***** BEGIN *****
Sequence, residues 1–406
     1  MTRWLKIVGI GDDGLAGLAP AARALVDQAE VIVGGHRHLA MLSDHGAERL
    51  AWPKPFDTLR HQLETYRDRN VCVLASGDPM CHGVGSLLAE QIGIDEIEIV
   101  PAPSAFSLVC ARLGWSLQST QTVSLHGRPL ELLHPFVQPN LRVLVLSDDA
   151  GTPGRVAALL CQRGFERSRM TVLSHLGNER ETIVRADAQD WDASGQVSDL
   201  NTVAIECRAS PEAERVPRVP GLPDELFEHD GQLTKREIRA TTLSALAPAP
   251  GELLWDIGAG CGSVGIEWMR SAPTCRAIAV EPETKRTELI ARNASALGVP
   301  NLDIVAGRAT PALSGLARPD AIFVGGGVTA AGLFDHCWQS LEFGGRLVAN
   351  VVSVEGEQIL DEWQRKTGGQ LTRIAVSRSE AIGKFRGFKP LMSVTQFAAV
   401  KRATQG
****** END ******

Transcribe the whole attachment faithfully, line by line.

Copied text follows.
Sequence, residues 1–406
     1  MTRWLKIVGI GDDGLAGLAP AARALVDQAE VIVGGHRHLA MLSDHGAERL
    51  AWPKPFDTLR HQLETYRDRN VCVLASGDPM CHGVGSLLAE QIGIDEIEIV
   101  PAPSAFSLVC ARLGWSLQST QTVSLHGRPL ELLHPFVQPN LRVLVLSDDA
   151  GTPGRVAALL CQRGFERSRM TVLSHLGNER ETIVRADAQD WDASGQVSDL
   201  NTVAIECRAS PEAERVPRVP GLPDELFEHD GQLTKREIRA TTLSALAPAP
   251  GELLWDIGAG CGSVGIEWMR SAPTCRAIAV EPETKRTELI ARNASALGVP
   301  NLDIVAGRAT PALSGLARPD AIFVGGGVTA AGLFDHCWQS LEFGGRLVAN
   351  VVSVEGEQIL DEWQRKTGGQ LTRIAVSRSE AIGKFRGFKP LMSVTQFAAV
   401  KRATQG